March 29, 2020
Kentucky Protection & Advocacy (P&A) is the federally mandated state agency that protects and promotes the human and legal rights of individuals with disabilities. We write to you today to ask for clarification that family caregivers who need to take time to provide care for adults with disabilities because of day program or care provider closure, or unavailability of direct care workers due to COVID-19 are eligible for emergency paid sick leave under the Families First Act.
The Act provides paid sick leave to caregivers for those with the virus or advised to self-quarantine and caregivers who must take time to care for children because of school or child care provider closures. While it doesn't explicitly provide leave for caregivers of adults with disabilities and older adults in the event of a provider closure or care worker unavailability, it does extend paid leave to an "employee [who] is experiencing any other substantially similar condition specified by the Secretary of Health and Human Services (HHS) in consultation with the Secretary of the Treasury and the Secretary of Labor."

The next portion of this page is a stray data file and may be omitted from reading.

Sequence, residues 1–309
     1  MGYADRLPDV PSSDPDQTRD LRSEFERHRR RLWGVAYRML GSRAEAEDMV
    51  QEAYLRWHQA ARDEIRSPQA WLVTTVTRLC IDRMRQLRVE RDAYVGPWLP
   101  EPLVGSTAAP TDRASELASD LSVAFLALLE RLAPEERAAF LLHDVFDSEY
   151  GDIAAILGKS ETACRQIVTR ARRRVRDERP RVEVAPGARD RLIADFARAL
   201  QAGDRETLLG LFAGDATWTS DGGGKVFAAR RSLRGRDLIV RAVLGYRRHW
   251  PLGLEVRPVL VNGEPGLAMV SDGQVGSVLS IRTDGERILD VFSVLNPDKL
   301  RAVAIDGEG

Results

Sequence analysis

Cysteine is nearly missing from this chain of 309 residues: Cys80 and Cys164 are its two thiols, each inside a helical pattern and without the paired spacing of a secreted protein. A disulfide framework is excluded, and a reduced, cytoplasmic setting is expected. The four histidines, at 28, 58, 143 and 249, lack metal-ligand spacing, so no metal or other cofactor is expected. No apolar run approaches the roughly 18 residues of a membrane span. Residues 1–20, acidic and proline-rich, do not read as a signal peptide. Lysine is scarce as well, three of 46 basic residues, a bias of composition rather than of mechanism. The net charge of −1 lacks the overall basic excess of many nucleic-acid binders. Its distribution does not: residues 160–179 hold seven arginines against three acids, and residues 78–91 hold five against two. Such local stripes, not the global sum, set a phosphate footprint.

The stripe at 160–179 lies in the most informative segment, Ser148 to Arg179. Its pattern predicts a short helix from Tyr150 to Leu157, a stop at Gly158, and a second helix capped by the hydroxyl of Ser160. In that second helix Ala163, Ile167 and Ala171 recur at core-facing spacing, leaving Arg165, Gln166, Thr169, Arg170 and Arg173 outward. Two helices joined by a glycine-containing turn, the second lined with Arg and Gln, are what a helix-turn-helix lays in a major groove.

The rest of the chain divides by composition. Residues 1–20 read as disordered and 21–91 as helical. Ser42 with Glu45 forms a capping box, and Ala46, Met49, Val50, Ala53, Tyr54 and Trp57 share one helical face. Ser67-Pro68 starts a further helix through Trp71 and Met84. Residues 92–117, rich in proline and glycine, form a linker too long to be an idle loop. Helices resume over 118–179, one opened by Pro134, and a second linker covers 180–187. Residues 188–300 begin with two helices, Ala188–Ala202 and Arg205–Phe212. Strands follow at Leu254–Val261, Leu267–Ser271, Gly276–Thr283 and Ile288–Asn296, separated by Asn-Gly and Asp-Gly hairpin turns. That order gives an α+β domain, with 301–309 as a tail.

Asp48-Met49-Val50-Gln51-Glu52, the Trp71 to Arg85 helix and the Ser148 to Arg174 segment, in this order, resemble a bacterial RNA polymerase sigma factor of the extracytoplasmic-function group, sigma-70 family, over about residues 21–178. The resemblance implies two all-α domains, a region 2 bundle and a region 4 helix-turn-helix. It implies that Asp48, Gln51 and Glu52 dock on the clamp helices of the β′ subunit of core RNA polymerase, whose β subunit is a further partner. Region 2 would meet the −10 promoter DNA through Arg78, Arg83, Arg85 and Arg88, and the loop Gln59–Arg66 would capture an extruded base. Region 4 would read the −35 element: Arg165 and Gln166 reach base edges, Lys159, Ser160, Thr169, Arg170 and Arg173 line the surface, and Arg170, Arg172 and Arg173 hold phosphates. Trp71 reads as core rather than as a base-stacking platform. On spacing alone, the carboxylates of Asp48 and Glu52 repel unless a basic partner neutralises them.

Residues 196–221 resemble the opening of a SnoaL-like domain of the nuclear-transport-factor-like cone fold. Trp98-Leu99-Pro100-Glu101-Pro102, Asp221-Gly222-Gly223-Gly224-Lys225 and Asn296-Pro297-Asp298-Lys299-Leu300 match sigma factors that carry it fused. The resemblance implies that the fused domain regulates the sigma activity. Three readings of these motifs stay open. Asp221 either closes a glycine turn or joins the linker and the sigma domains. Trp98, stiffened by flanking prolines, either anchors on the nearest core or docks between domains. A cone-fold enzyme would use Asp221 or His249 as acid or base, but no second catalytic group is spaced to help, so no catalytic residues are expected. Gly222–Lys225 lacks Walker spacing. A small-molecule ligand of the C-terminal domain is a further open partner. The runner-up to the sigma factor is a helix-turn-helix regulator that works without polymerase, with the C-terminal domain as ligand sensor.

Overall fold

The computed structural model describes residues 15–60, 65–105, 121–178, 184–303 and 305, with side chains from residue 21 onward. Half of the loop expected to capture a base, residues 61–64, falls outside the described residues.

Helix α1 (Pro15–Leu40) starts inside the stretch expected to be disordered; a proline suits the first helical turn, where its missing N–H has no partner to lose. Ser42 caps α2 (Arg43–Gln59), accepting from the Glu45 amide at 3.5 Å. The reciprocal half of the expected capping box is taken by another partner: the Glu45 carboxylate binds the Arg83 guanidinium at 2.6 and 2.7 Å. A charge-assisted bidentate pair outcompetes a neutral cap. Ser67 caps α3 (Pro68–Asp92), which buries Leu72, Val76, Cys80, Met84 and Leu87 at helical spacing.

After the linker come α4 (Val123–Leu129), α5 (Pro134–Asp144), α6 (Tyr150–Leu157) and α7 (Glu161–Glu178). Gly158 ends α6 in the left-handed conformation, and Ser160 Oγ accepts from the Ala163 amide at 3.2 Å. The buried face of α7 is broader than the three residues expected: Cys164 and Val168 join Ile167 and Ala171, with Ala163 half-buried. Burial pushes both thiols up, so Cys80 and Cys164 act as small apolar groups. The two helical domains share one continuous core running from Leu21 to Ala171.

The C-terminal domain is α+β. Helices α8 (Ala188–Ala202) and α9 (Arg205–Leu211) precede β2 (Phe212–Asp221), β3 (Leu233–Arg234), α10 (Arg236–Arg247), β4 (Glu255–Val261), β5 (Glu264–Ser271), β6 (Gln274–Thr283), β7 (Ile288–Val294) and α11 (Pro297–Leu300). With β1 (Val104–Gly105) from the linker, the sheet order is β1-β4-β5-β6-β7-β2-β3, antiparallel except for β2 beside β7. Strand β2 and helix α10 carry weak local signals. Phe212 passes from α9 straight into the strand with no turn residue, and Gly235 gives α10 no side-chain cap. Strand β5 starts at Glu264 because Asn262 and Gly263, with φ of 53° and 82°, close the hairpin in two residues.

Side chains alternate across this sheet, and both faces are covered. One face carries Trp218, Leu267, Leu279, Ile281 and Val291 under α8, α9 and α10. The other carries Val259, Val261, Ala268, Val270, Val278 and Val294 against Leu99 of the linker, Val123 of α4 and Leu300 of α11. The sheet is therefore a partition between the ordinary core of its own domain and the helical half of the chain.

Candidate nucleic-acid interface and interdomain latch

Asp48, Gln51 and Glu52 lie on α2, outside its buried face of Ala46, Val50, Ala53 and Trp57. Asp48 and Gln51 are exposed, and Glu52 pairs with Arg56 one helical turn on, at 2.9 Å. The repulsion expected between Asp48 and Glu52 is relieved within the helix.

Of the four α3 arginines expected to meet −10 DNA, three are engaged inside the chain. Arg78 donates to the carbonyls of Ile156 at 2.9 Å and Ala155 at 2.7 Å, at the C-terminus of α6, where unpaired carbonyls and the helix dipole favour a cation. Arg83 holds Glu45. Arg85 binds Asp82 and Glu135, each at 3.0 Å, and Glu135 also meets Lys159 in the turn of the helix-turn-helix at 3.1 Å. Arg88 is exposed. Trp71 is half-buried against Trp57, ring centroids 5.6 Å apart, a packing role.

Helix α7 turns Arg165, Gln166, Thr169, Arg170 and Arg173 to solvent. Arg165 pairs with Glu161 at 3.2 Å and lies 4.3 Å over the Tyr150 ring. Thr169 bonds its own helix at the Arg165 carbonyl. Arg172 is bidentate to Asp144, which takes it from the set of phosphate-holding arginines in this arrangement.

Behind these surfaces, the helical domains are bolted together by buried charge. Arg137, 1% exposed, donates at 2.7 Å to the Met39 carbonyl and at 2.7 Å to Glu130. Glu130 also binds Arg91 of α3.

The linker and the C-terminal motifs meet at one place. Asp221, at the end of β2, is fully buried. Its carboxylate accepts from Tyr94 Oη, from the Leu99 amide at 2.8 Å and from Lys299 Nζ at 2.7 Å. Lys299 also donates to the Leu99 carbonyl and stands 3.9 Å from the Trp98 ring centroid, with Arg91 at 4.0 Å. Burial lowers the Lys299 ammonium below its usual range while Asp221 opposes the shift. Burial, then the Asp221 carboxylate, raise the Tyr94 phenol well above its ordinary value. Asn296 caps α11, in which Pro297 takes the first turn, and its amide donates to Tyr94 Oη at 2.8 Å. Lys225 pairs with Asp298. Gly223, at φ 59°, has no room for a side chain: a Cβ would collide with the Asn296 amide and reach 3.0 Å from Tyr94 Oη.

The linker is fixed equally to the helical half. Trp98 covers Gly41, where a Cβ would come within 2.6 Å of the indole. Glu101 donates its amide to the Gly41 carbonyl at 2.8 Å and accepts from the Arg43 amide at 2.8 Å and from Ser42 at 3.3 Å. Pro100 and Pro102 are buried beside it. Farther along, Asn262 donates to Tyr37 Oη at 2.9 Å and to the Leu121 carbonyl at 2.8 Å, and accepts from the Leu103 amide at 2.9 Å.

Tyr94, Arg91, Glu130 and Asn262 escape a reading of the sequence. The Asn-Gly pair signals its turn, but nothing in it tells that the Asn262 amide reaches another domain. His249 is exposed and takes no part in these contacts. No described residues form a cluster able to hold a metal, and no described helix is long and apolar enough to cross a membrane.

We ask that you work with the Secretaries of HHS and Treasury to ensure that caregivers of adults with disabilities are provided with paid leave in those circumstances. Just as children may no longer be able to attend school, many people with disabilities will also no longer be able to utilize their usual source of care. Family members who need to stay home in order to provide that care are workers that are, and will be, impacted by COVID-19 even if they or the one for whom they are caring are not directly infected with the virus or under a self-quarantine order. They should be provided with the same emergency paid leave that is being provided to other workers impacted by this crisis.
We also ask you to clarify that employees covered under section 5102(a)(2) of the Act which provides paid sick leave for employees who have "been advised by a health care provider to self-quarantine due to concerns related to COVID-19" include employees who have been instructed by a health care provider to self-isolate during the coronavirus pandemic because of a pre-existing condition or illness.
Heidi Schissler Lanham